Interplast is the first humanitarian organization to provide free reconstructive surgery for children with clefts, disabling burns and hand injuries. Interplast has provided 68,000 life-changing surgeries for those who have no other access to care. Working in under-served regions of 16 countries throughout Africa, Asia and Latin America, Interplast teaches, empowers and partners with volunteers and overseas medical professionals so every child living in poverty has free access to the safest and highest-quality care now and in the future. Interplast is committed to transforming as many lives as possible, allocating 90 percent of its budget to medical programs.
What are your day-to-day responsibilities?
My role consists of mostly helping develop new strategies for the use of technology in or efforts to make the public aware of our work, why we exist and how they can help. I divide my time working on our e-newsletter, blog, website, photo exhibit organization and any other communication type task that may arise. My goal is to amplify the voices of our organization and those we serve, and daily my task is to promote our services and our patients needs.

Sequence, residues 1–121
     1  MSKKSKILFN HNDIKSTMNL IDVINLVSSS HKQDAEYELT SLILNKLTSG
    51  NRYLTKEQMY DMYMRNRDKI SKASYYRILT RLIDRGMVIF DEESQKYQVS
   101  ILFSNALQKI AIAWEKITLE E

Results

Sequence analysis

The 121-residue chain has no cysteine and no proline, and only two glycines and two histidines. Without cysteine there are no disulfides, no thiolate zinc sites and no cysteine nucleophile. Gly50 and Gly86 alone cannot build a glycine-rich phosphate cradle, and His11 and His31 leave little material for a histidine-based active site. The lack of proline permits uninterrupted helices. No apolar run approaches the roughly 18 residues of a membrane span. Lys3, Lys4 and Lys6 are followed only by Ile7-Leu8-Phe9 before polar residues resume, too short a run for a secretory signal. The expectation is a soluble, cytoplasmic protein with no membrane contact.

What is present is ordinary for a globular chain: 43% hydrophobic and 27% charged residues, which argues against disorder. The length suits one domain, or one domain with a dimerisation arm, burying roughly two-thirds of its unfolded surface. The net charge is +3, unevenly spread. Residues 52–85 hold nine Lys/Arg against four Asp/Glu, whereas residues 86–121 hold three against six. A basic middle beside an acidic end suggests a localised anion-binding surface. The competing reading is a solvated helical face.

Most notable milestones
Just in the last decade, the organization has provided more than 15,000 surgeries to those who had no other access to the care. Now those Latin American citizens can live without fear of being denied an education or a job because of their clefts; others can live healthy, productive lives because their ability to walk, raise their arms or move their head has been restored after their disabling burns. Interplast has also given educational workshops to nearly 1,500 local medical professionals in Latin America so that they can perform surgeries safely, effectively and efficiency on their own.
In addition, Interplast supports four permanent, year-round Surgical Outreach Centers in Ecuador, Nicaragua and Peru. This model of empowerment, sustainability and self-sufficiency creates long-term, year-round surgical care where it never existed before.
What’s the niche?